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PLOS Papers on Sex-Related X Chromosome Variants, Typhus Typing, Kidney Transplant Transcriptomes

In PLOS Genetics, researchers from the National University of Singapore and the University of Toronto explore minor allele frequency differences for variants found on the X chromosome of male and female participants in large sequence sets. The team flagged more than 2,000 of these so-called "sex differences in minor allele frequencies" (sdMAF) across 245,825 X chromosome SNPs considered from phase 3 data from the 1000 Genomes Project, prompting further analyses of the variants in individuals from European and African American populations in gnomAD, as well as a closer look at the locations of these variants within DNA sequences and across chromosomes. "Better understanding of the different sources of sdMAF is critical to developing X chromosome-suitable analytical strategies," the authors explain," from improved data collection and imputation to more robust association methods for variants on the X chromosome."

For a paper appearing in PLOS Neglected Tropical Diseases, members of the Centers for Disease Control and Prevention's Rickettsial Zoonoses Branch present findings from a genomic analysis of endemic murine typhus-causing Rickettsia typhi isolates passed from rats to humans via fleas. The investigators tracked down more than two dozen SNPs, along with seven small insertion-deletion sites when they compared genome sequences from R. typhi isolates originating in the US, Myanmar, or Thailand, before coming up with mismatch amplification mutation assays to test for the variants in more than a dozen other international R. typhi isolates and in the R. prowazekii species behind epidemic forms of typhus. "[O]ne purpose of the present study was to develop [an] efficient and inexpensive method for R. typhi isolate discrimination for use in epidemiological investigations," they explain, adding that "we succeeded in applying this low technology to group isolates of R. typhi into specific lades based on their genomic sequence differences."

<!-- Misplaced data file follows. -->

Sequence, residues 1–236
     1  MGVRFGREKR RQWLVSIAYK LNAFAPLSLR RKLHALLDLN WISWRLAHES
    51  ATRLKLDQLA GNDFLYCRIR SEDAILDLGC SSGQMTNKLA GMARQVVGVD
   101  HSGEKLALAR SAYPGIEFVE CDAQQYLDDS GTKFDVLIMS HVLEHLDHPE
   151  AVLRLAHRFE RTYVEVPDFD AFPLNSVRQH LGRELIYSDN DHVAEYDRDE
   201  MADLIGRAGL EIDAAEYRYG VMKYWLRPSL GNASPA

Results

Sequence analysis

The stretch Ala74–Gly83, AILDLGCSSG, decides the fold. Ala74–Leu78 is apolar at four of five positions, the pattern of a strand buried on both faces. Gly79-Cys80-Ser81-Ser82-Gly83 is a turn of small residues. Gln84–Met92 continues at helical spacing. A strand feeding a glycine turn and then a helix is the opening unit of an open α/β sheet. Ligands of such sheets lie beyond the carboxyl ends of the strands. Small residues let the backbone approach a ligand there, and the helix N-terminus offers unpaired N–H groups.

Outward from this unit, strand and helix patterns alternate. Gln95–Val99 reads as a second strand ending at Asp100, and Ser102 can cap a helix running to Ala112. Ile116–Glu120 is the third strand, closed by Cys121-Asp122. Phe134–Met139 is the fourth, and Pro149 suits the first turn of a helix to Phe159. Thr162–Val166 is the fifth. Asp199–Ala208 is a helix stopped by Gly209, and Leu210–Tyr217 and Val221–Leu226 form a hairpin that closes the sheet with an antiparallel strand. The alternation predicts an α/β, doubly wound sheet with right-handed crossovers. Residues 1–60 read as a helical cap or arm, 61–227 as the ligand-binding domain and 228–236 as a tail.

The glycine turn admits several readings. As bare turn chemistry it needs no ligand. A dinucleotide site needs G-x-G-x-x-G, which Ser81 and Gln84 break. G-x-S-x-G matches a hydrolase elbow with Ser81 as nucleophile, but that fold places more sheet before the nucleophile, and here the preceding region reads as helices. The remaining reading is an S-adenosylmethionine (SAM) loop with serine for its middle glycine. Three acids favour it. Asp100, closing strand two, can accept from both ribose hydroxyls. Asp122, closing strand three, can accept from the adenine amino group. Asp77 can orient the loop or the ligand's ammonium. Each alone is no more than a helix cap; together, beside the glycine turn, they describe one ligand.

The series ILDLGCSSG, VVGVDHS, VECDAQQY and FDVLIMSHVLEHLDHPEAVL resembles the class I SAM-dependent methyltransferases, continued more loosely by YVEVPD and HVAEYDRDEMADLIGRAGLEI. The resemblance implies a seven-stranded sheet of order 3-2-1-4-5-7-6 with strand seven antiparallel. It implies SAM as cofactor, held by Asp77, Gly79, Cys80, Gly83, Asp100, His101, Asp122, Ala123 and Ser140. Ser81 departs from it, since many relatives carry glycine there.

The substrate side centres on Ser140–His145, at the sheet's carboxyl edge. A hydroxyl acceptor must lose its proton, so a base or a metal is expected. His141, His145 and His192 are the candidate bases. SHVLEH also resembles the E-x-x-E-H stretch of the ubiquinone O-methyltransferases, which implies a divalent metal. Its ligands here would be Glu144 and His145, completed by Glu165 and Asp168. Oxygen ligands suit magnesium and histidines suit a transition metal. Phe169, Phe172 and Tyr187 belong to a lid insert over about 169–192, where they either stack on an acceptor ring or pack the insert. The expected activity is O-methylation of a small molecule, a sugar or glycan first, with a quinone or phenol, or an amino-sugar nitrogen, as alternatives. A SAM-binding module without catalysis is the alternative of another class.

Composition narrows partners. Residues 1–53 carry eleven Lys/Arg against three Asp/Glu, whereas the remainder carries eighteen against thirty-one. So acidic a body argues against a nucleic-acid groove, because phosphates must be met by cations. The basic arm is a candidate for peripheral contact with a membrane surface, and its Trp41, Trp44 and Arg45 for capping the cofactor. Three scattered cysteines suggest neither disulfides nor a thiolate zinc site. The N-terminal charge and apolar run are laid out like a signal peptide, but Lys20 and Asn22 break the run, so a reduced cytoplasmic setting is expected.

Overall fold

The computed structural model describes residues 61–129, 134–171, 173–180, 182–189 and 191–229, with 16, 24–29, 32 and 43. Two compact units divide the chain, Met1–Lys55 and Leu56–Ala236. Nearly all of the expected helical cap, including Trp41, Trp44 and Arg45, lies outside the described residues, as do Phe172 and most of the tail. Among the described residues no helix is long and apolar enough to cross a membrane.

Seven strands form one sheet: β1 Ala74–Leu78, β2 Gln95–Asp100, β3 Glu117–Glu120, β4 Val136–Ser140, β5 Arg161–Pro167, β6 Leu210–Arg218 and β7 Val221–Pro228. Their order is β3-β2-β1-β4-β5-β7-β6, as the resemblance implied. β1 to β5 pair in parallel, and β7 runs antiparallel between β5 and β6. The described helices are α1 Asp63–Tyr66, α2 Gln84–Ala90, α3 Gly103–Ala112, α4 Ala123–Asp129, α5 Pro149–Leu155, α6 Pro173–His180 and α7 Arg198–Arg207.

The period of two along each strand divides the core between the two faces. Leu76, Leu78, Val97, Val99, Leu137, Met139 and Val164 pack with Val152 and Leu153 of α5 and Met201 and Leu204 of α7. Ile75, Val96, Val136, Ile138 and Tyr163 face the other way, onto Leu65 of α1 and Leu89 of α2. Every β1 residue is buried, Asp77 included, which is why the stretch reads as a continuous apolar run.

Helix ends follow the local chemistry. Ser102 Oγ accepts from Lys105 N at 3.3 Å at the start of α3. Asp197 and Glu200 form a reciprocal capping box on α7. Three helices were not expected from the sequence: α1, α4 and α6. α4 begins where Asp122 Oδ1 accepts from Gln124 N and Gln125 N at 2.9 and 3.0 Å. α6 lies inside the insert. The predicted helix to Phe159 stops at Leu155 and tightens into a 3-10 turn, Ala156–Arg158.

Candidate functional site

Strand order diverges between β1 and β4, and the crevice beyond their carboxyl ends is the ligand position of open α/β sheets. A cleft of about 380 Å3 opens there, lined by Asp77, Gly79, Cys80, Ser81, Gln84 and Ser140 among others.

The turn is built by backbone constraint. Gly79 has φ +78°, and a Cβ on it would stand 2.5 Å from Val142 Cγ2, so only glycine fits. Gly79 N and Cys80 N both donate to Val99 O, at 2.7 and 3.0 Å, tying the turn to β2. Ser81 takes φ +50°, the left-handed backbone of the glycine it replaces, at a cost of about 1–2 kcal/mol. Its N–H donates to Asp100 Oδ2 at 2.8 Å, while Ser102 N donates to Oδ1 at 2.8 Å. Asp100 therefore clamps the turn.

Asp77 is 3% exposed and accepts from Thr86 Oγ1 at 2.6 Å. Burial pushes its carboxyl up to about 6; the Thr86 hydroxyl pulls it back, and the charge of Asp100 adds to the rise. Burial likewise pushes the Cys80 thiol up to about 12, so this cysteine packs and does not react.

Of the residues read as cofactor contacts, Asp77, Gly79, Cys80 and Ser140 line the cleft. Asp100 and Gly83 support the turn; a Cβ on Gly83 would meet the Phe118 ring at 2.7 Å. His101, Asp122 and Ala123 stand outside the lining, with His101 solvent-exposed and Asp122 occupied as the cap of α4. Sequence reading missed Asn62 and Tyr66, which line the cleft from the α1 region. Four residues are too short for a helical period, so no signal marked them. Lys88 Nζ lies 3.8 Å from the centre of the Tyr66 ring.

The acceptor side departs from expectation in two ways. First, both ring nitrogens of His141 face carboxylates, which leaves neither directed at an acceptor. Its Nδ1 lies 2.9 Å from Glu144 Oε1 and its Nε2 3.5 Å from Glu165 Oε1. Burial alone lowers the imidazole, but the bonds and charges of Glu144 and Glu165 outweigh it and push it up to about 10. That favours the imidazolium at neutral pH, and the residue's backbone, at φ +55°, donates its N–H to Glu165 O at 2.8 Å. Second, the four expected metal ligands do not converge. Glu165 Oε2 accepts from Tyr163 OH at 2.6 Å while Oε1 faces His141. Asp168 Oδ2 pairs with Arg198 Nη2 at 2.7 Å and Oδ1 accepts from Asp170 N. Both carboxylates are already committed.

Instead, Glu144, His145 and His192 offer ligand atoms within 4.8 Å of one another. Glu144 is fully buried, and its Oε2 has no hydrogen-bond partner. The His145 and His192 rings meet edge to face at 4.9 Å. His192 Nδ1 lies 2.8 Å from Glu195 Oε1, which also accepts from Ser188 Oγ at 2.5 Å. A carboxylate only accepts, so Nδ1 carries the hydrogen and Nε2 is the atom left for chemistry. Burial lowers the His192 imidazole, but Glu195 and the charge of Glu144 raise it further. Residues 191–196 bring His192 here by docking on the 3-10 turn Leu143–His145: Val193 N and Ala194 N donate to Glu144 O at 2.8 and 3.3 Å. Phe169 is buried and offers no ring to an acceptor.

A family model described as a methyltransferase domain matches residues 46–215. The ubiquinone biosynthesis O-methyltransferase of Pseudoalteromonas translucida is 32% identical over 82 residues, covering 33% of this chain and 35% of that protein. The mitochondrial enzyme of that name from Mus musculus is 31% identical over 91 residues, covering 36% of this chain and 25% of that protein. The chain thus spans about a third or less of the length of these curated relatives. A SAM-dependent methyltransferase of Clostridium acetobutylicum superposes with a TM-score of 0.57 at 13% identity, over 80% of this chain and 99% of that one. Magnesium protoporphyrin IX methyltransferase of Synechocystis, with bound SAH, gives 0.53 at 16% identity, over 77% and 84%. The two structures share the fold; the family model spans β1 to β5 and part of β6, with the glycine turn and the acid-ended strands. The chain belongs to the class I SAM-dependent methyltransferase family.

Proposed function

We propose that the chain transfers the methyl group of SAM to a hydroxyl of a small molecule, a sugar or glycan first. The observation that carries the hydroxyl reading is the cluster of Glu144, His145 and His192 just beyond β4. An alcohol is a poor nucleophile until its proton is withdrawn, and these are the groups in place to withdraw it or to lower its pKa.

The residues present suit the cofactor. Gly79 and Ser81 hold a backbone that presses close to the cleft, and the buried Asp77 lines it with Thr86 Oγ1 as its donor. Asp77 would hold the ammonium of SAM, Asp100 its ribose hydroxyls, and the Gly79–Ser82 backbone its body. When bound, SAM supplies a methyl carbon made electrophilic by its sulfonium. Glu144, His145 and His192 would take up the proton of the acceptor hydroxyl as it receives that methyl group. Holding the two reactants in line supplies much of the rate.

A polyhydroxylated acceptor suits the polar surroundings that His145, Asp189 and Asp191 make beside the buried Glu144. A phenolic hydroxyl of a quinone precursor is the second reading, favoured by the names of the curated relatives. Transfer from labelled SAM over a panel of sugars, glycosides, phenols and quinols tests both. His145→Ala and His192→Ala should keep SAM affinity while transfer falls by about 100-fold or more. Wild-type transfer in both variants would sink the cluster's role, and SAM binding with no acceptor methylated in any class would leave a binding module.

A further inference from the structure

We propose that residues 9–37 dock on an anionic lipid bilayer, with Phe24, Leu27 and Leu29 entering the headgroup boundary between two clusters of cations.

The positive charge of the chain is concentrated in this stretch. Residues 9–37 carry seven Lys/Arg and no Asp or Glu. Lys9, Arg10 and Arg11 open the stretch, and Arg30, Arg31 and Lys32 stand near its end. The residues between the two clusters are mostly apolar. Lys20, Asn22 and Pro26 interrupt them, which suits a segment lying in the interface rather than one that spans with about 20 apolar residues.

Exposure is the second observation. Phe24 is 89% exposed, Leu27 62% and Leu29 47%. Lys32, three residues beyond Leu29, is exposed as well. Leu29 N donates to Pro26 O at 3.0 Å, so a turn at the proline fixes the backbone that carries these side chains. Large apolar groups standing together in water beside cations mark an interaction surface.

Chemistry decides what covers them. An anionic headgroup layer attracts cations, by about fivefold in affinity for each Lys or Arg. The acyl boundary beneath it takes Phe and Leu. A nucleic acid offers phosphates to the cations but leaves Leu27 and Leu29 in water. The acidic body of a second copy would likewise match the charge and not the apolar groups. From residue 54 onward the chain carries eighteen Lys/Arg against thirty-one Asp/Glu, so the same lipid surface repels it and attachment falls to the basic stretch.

Using single-cell RNA sequencing, a team from Weill Cornell Medical College and other centers searched for clues to immune-related injury after kidney transplantation. As they report in PLOS One, the researchers used 10x Chromium-based scRNA-seq to assess kidney biopsy samples from a living transplant donor, and allograft kidney with deteriorating function, and an allograft kidney from a successful, rejection-free transplant. Based on data for more than 7,200 individual cells, the authors highlighted a dozen major cell type clusters in the biopsies, including donor- and recipient-derived fibroblast cells and cell types that with expression shifts depending on the biopsy sample considered. They note that "single-cell transcriptomics yielded novel mechanistic insights, which could pave the way for individualizing the care of transplant recipients."